Wednesday, 19 September 2018
Treasury Laws Amendment (Supporting Australian Farmers) Bill 2018; Second Reading
They might want to ask a question on that. Maybe the shadow minister for agriculture might get a question today and show some interest. I'm going to help you out. I'm going to help you out. I'm going to ask the Labor leader for tactics, Mr Tony Burke, the Manager of Opposition Business, to see if he can get the member for Hunter a question today. I plead with you: give the member for Hunter a question today. Give him some relevance. I'm helping you out here. Give him some relevance.
What we are doing here is building on the $4 billion agriculture white paper. It's great to see the dam that we built, Chaffey Dam, the dams in the Midlands in Tasmania that we are building and the Wimmera-Mallee pipeline that we are building. It's great to see the pipeline that we are building in the Macalister Irrigation District. And what about Rookwood weir, which we're building? The Labor Party fought it all the way through. They ran to any rathole they could to look after their Greens mates and Greens preferences. We're trying to get infrastructure built. I know the member for Kennedy. He's a big fan of Hells Gate. This is a great project. You've got no hope of ever getting something like that past the Labor Party. They'll be looking after their Greens mates, the same Greens mates they look after when they don't want to open up Galilee Basin. It's incredibly peculiar that the member for Hunter, formerly supported by blue-collar workers, has turned his back on them as he turned his back on the farmers. They've given up and become the party for the inner suburban areas, and they're getting a vote to match.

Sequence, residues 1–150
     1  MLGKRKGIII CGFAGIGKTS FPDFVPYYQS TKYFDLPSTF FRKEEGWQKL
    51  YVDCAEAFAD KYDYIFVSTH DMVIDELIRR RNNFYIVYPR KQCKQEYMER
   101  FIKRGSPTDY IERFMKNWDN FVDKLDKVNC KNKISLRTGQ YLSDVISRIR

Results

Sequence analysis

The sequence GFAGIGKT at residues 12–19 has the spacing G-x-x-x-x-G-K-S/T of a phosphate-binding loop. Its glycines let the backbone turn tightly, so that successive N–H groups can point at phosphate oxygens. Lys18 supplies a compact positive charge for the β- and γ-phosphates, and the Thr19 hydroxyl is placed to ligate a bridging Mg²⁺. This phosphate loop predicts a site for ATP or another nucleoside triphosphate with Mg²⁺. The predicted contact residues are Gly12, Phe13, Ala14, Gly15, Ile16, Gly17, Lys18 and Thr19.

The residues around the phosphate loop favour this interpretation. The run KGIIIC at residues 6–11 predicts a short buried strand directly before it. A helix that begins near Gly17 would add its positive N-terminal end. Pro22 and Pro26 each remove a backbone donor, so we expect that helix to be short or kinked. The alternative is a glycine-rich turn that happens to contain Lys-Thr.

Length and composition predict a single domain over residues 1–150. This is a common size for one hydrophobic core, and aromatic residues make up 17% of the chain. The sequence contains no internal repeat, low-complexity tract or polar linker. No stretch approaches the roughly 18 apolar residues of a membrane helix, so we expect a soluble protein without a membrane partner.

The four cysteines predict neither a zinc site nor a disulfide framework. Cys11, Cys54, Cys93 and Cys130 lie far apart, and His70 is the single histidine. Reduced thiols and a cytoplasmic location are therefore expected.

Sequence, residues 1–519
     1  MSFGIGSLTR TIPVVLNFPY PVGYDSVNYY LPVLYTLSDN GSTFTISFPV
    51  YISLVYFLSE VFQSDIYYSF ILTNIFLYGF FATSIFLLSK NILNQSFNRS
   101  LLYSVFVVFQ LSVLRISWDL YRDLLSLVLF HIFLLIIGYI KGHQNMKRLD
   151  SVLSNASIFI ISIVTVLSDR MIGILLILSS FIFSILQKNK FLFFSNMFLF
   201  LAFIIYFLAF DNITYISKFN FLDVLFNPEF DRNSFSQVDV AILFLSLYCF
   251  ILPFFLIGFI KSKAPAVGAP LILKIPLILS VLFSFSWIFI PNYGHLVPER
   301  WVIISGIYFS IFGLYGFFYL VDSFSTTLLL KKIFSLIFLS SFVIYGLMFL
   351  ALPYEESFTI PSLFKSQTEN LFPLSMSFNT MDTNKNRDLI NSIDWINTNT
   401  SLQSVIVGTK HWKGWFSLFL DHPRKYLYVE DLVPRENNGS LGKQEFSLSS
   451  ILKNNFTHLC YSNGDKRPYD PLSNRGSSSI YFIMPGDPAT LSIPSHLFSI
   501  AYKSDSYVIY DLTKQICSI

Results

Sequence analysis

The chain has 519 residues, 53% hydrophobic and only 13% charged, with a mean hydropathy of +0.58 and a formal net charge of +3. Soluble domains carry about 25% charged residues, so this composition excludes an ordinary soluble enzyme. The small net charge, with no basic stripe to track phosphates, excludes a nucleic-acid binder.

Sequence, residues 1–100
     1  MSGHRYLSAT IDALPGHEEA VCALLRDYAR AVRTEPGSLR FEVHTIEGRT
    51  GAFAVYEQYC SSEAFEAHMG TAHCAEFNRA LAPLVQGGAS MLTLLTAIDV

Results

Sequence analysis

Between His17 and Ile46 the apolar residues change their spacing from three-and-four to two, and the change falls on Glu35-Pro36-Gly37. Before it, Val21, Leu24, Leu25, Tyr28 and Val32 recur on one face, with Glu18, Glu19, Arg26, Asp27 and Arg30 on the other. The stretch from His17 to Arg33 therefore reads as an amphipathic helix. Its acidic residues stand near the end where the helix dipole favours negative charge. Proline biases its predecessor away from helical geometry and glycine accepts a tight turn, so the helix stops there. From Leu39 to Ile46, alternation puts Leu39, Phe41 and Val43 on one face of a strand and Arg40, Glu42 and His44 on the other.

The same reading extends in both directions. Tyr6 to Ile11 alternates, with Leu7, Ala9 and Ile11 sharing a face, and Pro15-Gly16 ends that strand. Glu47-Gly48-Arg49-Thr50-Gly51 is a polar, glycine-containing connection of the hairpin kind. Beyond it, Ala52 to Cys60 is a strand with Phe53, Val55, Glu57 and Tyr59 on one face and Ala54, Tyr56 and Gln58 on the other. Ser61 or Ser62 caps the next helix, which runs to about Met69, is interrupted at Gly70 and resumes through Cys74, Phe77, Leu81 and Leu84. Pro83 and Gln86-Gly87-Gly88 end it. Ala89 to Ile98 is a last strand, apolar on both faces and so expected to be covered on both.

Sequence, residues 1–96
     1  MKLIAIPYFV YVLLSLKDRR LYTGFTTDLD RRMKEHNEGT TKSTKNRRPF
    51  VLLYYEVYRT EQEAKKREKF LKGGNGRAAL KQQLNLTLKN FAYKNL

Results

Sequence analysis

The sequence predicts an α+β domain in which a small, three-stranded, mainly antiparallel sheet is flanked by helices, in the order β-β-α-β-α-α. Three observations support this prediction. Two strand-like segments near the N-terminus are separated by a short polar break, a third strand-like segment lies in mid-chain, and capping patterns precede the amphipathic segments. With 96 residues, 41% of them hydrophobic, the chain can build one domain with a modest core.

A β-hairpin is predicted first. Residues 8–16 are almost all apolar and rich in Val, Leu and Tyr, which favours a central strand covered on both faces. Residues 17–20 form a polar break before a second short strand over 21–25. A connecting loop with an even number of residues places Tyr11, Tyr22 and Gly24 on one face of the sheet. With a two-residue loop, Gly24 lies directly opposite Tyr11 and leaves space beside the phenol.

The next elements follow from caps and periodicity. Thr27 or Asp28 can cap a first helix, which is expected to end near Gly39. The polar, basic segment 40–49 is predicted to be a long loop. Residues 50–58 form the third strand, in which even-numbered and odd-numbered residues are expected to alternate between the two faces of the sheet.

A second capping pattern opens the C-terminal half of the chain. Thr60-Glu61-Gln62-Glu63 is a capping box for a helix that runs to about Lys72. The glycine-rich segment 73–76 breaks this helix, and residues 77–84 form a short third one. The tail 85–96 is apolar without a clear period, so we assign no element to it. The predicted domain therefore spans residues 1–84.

This bill is part and parcel. It's not the fight; it's the start of a whole range of issues that we have to deal with in what is the worst drought on record in certain areas. The rainfall of Tamworth so far this year is slightly better than the annual rainfall of Riyadh in Saudi Arabia. It is so devastating that what is happening right now is that there are gum trees—and they're a pretty good indicator of how dry it gets—dying because of a lack of water. We have a national crisis, and we have to deal with it as a national crisis.
We have to hope that the efforts of this parliament are put towards a constructive debate to drive policy. So I'm happy that we have made changes to the farm household allowance, and I commend the Minister for Agriculture and Water Resources, who's just now come into the chamber. We've gone a long way. I remember when the Labor Party were in government only 367 people got access to the farm household allowance. Now we have well in excess of 8,000 people who have had access to it, and this is so vitally important. It's uncapped. About a quarter of a billion dollars has been spent on it, and that's so vitally important. That's really money that is going on the table to help people. And I know there's more we can do to streamline that application process, and I know the minister for agriculture is working on that. We had discussions about precisely that this morning, and the minister for agriculture is doing an absolutely remarkable job, a splendid job. He's hard at work. Because of the vastness of his electorate, the member for Maranoa has such a great understanding of how agriculture works.
I know that the member for Maranoa, the minister for agriculture, would dearly love to be challenged in question time by the vociferous and cogent questions delivered by the member for Hunter. But he isn't! The member for Maranoa might as well do sudoku when he comes in here because he never gets a question from the member for Hunter.